Disruption requires difference. Yet all too often when someone outside the establishment contributes to the discourse, they find themselves howled down and ruthlessly delegitimised. This happens not based on the strength of their ideas but on their gender, race, religion, sexuality, class or any other identity that sits outside the accepted norm.

That is not good enough. It is hypocritical, and a complete waste of the talent that we have in this country. The discussion needs to be open to and driven by all Australians, not only ones who look the same or who occupy elite positions of power in society. How do we expect anyone to be less disillusioned if they are not welcome to even contribute to the conversation?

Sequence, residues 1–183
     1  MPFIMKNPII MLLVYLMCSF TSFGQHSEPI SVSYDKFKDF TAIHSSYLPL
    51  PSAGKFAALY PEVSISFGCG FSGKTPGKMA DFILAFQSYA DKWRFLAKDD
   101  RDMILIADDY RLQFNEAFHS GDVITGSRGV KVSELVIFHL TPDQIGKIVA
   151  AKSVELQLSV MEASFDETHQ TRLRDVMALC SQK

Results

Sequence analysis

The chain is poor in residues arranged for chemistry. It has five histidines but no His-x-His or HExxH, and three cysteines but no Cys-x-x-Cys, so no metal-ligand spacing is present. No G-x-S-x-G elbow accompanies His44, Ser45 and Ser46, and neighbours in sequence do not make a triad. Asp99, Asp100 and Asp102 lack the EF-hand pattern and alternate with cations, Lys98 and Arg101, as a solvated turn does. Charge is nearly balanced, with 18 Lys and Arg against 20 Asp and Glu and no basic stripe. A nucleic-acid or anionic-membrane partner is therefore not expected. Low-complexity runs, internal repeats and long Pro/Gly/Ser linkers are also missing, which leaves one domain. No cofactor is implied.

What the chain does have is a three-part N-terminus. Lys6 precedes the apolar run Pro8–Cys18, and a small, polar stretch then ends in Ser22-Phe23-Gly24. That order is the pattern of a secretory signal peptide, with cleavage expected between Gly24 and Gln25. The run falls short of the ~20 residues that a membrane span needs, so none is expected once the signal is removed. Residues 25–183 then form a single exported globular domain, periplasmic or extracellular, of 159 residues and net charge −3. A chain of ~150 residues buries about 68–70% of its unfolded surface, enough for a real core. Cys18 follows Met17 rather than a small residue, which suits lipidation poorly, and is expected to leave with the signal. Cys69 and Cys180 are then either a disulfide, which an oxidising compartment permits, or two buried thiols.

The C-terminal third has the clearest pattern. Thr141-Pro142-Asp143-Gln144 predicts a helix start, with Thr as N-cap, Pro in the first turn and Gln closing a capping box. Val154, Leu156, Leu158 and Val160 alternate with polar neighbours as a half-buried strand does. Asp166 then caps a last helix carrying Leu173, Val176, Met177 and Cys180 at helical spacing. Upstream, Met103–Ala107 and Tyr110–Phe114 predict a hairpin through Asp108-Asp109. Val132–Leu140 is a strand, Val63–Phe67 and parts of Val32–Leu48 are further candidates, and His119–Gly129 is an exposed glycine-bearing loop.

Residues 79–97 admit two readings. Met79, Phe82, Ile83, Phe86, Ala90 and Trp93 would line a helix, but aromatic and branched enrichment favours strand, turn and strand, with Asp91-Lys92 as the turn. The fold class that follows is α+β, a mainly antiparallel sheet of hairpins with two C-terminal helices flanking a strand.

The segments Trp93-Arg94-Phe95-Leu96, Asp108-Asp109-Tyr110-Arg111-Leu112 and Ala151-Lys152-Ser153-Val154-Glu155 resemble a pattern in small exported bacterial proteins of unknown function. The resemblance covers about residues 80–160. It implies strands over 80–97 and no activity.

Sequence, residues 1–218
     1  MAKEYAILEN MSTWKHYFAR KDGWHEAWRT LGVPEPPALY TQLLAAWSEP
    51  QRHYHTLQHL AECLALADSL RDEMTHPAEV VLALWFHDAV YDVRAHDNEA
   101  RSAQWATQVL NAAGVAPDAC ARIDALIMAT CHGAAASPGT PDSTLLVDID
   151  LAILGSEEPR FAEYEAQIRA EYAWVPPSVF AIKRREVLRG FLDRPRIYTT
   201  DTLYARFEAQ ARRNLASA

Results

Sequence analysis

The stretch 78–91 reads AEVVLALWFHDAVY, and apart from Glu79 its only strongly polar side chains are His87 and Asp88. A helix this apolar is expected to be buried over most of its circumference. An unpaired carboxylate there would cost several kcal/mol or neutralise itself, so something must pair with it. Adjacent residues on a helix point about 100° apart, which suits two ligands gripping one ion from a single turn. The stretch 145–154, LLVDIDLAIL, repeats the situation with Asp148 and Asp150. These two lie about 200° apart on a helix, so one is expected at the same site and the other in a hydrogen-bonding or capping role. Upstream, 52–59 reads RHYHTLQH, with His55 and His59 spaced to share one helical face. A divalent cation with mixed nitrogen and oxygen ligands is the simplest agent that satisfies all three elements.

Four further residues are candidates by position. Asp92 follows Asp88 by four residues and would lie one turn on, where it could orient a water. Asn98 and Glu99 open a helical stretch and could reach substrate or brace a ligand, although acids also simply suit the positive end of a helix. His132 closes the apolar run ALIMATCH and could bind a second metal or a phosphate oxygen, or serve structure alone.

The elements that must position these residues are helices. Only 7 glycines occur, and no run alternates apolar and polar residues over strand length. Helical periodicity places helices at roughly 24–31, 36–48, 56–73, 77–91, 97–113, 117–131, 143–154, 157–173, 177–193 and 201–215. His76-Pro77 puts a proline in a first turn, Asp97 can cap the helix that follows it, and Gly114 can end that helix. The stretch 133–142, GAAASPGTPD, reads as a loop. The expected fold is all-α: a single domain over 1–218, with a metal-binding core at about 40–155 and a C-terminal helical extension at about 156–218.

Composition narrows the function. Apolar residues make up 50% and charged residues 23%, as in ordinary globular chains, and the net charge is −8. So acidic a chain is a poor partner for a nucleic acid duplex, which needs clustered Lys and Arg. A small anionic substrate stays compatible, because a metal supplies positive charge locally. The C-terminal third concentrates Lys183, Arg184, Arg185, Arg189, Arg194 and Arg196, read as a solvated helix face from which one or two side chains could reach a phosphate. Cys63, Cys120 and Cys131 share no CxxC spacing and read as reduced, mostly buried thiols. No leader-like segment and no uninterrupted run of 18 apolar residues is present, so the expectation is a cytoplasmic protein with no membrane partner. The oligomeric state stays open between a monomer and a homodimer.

This is beyond simply saying we need direct representation of the population, although that is incredibly important. This is saying that we are not taking advantage of the spectacular array of opinions, perspectives and experiences within our nation, and that is stopping us from realising our full potential.

For public debate to improve, Australia must be a place where freedom of speech is understood to apply to all equally. Where we operate from a foundation of respect and where we debate the issue, not the individual. This is uncomfortable. However, we must not shy away from the uncomfortable. Unless all of us – including our leaders – lean into that discomfort and listen to voices from outside the current blinkered corridors of power, nothing will change.

Australia, we are the lucky country. We have no excuse not to be the best.